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U.S. Secretary of State Mike Pompeo speaks during a media briefing on November 10, 2020 at the State Department in Washington, D.C.

U.S. Secretary of State Mike Pompeo speaks during a media briefing on November 10, 2020 at the State Department in Washington, D.C. (Photo: Jacquelyn Martin/Pool/AFP via Getty Images)

'Going Back to the Cheney Playbook': Fears of War Grow as Pompeo Plans to Accuse Iran of Ties to Al Qaeda

"I wouldn't put it past these lunatics to be plotting something evil at the 11th hour," said one policy analyst.

Jake Johnson, staff writer

U.S. Secretary of State Mike Pompeo is reportedly planning to accuse Iran of links to Al Qaeda in a speech Tuesday, an allegation critics described as a rehashing of a Bush administration lie that served as part of the rationale for the catastrophic invasion of Iraq in 2003.

Reuters reported late Monday that Pompeo—a warhawk and an architect of the Trump administration's so-called "maximum pressure" strategy—"plans to use newly declassified U.S. intelligence on Tuesday to publicly accuse Iran of ties to Al Qaeda, two people familiar with the matter said, as part of his last-minute offensive against Tehran before handing over to the incoming Biden administration."

"With just eight days left in office for President Donald Trump, Pompeo is expected to offer details on allegations that Iran has given safe haven to Al Qaeda leaders and support for the group, the sources said, despite some skepticism within the intelligence community and Congress," according to Reuters. "It was not immediately clear how much Pompeo intends to reveal in his speech to the National Press Club in Washington."

Iranian officials have flatly rejected accusations that their country has harbored or provided support to Al Qaeda leaders. "From time to time, Iran's foes—the United States and Israel—try to shirk responsibility for the criminal acts of Al Qaeda and other terrorist groups in the region and link Iran to such outfits by lying and leaking false information to the media," Iranian Foreign Ministry spokesman Saeed Khatibzadeh said in November.

The Trump administration has repeatedly pushed the U.S. and Iran to the brink of war over the past four years by violating the nuclear accord, imposing punishing sanctions, assassinating Iran's top general, and baselessly accusing Iran of plotting attacks on American forces in the region.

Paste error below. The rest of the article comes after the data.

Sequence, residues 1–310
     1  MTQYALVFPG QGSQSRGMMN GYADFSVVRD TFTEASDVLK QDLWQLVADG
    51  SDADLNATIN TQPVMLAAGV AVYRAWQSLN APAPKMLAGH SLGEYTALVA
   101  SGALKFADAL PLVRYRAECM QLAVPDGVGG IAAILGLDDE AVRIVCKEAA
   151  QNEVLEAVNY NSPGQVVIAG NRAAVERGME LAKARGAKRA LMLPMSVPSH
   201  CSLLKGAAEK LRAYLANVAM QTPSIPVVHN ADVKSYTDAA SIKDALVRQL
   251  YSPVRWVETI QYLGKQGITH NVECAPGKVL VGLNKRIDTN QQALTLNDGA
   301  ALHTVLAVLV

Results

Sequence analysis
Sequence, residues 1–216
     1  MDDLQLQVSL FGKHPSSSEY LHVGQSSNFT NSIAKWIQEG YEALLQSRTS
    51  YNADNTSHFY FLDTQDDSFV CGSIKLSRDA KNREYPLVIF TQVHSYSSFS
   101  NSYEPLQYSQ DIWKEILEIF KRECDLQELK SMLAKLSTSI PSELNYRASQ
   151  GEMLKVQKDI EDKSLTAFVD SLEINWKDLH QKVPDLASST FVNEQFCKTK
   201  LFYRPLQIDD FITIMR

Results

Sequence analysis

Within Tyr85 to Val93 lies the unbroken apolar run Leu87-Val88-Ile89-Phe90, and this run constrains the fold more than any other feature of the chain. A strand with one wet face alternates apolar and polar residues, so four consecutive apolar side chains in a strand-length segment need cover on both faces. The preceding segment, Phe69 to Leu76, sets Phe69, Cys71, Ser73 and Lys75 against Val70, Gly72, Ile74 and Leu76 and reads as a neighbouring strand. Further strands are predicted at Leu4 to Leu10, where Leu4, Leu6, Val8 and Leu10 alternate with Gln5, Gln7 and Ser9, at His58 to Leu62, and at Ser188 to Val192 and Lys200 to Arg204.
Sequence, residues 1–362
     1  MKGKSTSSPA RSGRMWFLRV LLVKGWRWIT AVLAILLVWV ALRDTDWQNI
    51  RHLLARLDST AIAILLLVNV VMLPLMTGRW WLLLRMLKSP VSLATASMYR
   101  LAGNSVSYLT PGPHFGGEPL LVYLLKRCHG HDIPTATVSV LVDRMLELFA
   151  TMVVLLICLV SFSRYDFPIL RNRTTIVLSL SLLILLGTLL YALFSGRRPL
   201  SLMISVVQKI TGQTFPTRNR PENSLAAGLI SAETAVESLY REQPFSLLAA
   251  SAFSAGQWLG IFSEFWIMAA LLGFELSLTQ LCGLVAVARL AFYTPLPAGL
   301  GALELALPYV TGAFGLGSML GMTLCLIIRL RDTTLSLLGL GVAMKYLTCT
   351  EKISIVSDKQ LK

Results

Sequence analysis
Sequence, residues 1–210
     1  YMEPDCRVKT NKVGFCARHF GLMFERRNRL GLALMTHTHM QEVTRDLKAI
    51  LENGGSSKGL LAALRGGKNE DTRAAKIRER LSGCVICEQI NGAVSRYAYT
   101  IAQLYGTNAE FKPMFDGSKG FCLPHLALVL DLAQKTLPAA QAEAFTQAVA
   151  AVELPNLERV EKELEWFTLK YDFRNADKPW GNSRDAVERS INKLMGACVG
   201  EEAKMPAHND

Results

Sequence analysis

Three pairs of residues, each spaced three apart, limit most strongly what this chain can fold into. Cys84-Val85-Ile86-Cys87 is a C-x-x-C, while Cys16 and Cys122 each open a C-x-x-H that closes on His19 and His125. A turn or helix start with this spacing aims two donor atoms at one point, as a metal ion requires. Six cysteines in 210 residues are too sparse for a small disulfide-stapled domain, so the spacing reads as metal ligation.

Warnings that outgoing President Donald Trump—who last week incited a right-wing assault on the U.S. Capitol—could launch an attack on Iran on his way out the door have intensified in recent days as the president has grown increasingly unhinged in the wake of his election loss to President-elect Joe Biden, who has vowed to return the U.S. to compliance with the nuclear deal.

News of Pompeo's planned allegations heightened the fears of anti-war campaigners, with some comparing the secretary of state's narrative to Bush-era falsehoods about Saddam Hussein's supposed ties to Al Qaeda.

"Pompeo reportedly going back to the Cheney playbook tomorrow to try to sabotage diplomacy and lay the groundwork for war with Iran," tweeted Ryan Costello, policy director at the National Iranian American Council (NIAC). "Pompeo said he was preparing for a second Trump term ahead of his boss inspiring domestic terrorists to attack the peaceful transfer of power, so I'm pretty sure there are only a handful of people less convincing on the topic."

Fueling concerns about the intentions behind Pompeo's coming speech was news that the U.S. secretary of state met with Yossi Cohen, the head of Israel's spy agency, at a cafe in Washington, D.C. late Monday.

"I wouldn't put it past these lunatics to be plotting something evil at the 11th hour," said policy analyst Omar Baddar.

Pompeo's speech will come just two weeks after Mohammad Javad Zarif, Iran's top diplomat, warned that the Trump administration is attempting to "fabricate a pretext for war" during its final days in power.

"Iran doesn't seek war but will openly and directly defend its people, security, and vital interests," said Zarif, the head of Iran's Foreign Ministry.

 Zarif's comments last month followed the latest U.S. flight of nuclear-capable B-52 bombers over the Persian Gulf, a saber-rattling maneuver that American officials predictably characterized as "defensive."

"Can you imagine if Iran flew bomber jets over the Gulf of Mexico and called it a 'defensive move'?" Assal Rad, senior research fellow at NIAC, tweeted at the time.

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